Sinking an aircraft carrier
An explosive ordinance team’s mission: sink the USS Oriskany and create the largest artificial reef in the world in the Gulf of Mexico. This 270-meter long aircraft carrier represents a pinnacle of military engineering. Now the US Navy must figure out a way to sink the unsinkable. Parallax Film Productions follows this intense operation.
From battling through 10-centimetre thick steel plating to tackling hazardous environmental waste, the crew discovers the secret to sinking the beast and writes a new chapter in marine demolition.
After 25 years of service all over the world – including in Korea, Vietnam and the Mediterranean – the USS Oriskany is towed more than 38 kilometres off the coast of Pensacola, Florida. There, the Navy Explosive Ordnance Disposal team detonates strategically-placed explosives in 22 sea chest pipes and valves for an unparalleled send-off to its final destination.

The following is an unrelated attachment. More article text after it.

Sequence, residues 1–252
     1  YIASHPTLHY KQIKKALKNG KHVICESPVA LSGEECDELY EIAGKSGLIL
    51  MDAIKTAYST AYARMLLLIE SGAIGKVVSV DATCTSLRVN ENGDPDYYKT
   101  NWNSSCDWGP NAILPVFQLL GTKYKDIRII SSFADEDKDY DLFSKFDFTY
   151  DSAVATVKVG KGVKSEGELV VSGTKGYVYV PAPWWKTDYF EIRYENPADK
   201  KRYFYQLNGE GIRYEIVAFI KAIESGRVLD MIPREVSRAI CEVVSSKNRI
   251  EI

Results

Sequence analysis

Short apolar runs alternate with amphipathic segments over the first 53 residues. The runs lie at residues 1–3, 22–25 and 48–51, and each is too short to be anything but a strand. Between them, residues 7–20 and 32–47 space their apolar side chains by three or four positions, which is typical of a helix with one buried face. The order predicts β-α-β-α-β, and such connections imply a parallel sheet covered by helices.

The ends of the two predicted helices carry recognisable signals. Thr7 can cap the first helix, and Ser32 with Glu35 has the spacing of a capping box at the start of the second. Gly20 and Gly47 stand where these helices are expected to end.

The ex-Oriskany was the first ship to be environmentally prepared using the Environmental Protection Agency’s Best Management Practices for Preparing Vessels for Use as Artificial Reefs, and is the first ship to receive risk-based Polychlorinated Biphenyl (PCB) disposal approval from the EPA based on the agency’s findings that the reefing would not pose an unreasonable risk of injury to health or the environment.
Now the 32,000 ton ship serves marine life and tourists, stimulating sport fishing and recreation diving off the coast of the Florida panhandle – and remains a testament to ultimate engineering.A 2004 Florida State University study estimated an artificial reef would bring Escambia County $92 million a year in economic benefits.